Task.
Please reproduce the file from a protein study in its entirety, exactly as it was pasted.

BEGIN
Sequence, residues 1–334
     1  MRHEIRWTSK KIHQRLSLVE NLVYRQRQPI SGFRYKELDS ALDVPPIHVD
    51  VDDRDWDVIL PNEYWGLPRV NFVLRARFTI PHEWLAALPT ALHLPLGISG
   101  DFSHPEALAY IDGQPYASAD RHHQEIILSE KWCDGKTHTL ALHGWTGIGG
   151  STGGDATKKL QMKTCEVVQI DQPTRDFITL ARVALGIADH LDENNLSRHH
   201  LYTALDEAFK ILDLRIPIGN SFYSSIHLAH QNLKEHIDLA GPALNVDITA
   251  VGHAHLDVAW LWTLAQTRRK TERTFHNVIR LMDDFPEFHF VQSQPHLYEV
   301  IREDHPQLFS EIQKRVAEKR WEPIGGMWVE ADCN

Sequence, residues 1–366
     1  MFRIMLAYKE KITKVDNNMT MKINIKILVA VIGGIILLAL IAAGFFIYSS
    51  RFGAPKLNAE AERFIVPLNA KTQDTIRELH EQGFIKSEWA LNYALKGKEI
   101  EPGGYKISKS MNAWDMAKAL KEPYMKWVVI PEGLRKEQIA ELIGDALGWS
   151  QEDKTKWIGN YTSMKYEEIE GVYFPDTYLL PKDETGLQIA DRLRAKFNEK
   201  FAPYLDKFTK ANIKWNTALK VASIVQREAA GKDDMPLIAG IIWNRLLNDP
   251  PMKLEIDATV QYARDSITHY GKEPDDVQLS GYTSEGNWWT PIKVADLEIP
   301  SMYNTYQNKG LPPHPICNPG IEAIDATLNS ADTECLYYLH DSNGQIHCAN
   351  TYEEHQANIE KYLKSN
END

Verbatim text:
Sequence, residues 1–334
     1  MRHEIRWTSK KIHQRLSLVE NLVYRQRQPI SGFRYKELDS ALDVPPIHVD
    51  VDDRDWDVIL PNEYWGLPRV NFVLRARFTI PHEWLAALPT ALHLPLGISG
   101  DFSHPEALAY IDGQPYASAD RHHQEIILSE KWCDGKTHTL ALHGWTGIGG
   151  STGGDATKKL QMKTCEVVQI DQPTRDFITL ARVALGIADH LDENNLSRHH
   201  LYTALDEAFK ILDLRIPIGN SFYSSIHLAH QNLKEHIDLA GPALNVDITA
   251  VGHAHLDVAW LWTLAQTRRK TERTFHNVIR LMDDFPEFHF VQSQPHLYEV
   301  IREDHPQLFS EIQKRVAEKR WEPIGGMWVE ADCN

Sequence, residues 1–366
     1  MFRIMLAYKE KITKVDNNMT MKINIKILVA VIGGIILLAL IAAGFFIYSS
    51  RFGAPKLNAE AERFIVPLNA KTQDTIRELH EQGFIKSEWA LNYALKGKEI
   101  EPGGYKISKS MNAWDMAKAL KEPYMKWVVI PEGLRKEQIA ELIGDALGWS
   151  QEDKTKWIGN YTSMKYEEIE GVYFPDTYLL PKDETGLQIA DRLRAKFNEK
   201  FAPYLDKFTK ANIKWNTALK VASIVQREAA GKDDMPLIAG IIWNRLLNDP
   251  PMKLEIDATV QYARDSITHY GKEPDDVQLS GYTSEGNWWT PIKVADLEIP
   301  SMYNTYQNKG LPPHPICNPG IEAIDATLNS ADTECLYYLH DSNGQIHCAN
   351  TYEEHQANIE KYLKSN